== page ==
Bloomberg reports that new car loans are becoming easier for consumers to obtain. Auto industry experts view this as an indicator that new car sales may continue to grow, something the United States hasn’t seen since “Cash for Clunkers.”
New car loans making gradual return
Ford Motor Company chief economist Ellen Hughes-Cromwick told Bloomberg that credit across the automotive industry has begun to flow more readily. But it could take a year or more before significant gains are noted. “We should see consumer credit begin to evidence some recovery,” she said, “but it is a slow go.”
Retailers see bests sales in over a year
New car retailers surveyed by the Automotive News Data Center such as Group 1 Automotive and CarMax Inc. reported that September sales of new vehicles rose significantly. The adjusted annual rate was 12.2 million, which reflects the most successful sales pace since August 2009. But there’s still ground to cover – the annual average from 2000 to 2007 was 16.8 million. A consistently high unemployment rate is largely to blame, reports the U.S. Department of Labor.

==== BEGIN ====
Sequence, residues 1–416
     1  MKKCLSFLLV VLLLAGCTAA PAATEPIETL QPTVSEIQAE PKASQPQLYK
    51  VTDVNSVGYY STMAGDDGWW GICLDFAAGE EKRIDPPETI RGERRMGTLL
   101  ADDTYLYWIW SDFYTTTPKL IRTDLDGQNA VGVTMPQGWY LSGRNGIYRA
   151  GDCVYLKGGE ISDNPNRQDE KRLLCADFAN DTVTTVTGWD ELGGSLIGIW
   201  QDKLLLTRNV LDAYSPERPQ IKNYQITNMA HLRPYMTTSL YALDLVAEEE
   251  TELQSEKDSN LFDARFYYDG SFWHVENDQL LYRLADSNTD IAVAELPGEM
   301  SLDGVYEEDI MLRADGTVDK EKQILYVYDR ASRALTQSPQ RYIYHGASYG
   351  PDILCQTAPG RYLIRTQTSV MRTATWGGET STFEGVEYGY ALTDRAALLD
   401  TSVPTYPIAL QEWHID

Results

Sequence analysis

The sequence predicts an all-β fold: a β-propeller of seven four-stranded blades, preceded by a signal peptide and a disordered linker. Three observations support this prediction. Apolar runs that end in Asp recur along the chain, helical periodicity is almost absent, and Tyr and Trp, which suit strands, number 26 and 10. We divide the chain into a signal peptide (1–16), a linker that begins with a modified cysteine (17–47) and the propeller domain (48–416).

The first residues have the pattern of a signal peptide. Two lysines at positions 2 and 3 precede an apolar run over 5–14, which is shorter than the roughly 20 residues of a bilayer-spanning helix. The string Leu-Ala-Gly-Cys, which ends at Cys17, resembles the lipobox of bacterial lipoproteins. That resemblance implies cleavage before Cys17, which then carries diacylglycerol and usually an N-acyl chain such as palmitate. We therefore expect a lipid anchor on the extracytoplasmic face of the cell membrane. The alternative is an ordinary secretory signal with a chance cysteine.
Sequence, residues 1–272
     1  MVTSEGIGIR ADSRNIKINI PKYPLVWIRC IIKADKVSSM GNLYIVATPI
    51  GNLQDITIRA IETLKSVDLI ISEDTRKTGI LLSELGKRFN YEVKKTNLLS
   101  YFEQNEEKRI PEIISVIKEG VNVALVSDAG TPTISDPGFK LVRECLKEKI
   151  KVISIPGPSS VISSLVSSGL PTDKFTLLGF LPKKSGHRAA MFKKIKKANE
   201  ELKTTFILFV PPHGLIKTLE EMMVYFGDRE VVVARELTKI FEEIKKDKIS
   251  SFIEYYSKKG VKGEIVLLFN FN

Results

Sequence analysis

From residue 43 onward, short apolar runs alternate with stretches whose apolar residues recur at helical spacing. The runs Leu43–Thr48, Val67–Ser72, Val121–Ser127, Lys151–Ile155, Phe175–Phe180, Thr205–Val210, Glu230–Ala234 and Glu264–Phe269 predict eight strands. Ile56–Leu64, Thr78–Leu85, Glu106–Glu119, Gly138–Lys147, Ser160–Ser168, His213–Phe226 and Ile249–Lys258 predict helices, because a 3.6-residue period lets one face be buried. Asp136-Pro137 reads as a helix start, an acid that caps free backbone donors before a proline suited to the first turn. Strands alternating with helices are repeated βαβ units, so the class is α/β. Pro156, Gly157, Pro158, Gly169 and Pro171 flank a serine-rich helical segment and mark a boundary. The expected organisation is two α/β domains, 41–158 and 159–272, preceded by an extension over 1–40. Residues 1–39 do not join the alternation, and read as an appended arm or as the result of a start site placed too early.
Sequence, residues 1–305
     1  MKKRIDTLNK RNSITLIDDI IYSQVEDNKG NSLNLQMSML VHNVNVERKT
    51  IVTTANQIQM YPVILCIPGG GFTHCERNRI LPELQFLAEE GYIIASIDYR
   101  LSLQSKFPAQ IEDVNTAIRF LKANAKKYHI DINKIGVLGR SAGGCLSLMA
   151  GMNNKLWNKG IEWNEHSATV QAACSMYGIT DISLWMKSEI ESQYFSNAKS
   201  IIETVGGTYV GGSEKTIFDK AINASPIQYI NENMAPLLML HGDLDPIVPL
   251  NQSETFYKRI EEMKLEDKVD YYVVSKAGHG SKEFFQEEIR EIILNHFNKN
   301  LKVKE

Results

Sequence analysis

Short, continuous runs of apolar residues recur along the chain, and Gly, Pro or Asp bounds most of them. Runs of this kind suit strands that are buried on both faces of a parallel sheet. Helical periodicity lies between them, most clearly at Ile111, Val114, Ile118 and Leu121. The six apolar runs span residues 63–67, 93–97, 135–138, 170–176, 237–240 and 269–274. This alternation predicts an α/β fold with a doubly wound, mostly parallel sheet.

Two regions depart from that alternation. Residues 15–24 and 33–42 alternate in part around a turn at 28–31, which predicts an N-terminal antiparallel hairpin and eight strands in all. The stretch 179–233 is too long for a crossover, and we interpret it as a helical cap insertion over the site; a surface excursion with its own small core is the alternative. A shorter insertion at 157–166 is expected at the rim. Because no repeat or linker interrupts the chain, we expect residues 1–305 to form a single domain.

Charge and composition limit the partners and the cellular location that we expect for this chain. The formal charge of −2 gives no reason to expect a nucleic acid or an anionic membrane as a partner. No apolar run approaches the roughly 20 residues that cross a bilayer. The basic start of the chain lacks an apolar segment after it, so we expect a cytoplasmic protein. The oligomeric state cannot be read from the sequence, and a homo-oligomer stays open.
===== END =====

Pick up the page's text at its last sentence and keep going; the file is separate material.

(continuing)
Lack of credit isn’t to blame
Peter DeLongchamps of Houston-based Group 1 Automotive told Bloomberg that new car loans are available for more interested customers than in recent months. “But for current sales levels to increase, we need additional showroom traffic.”
More subprime new car loans
According to CNW Research, the number of subprime new car loans issues was up almost 10 percent in September 2010, which reflects the highest increase in such loans since February 2008. From January through September 2010, 6.8 percent of all new vehicle sales were of the subprime variety in terms of credit, which is 5.7 percent higher than the total in 2009.
Higher interest rates mean credit is loosening
Data compiled by Edmunds.com for major automakers like Ford and GM support the idea that new car loans are moving at an elevated pace, following the recent lull. September data from Ford shows that new car buyers got a 5.23 percent average APR on new car loans, up from 5.07 the previous month. GM showed only a modest rise, from 5.23 in August to 5.25 percent APR in September, said Edmunds. The increase in average APR means that less-qualified buyers are securing loans.
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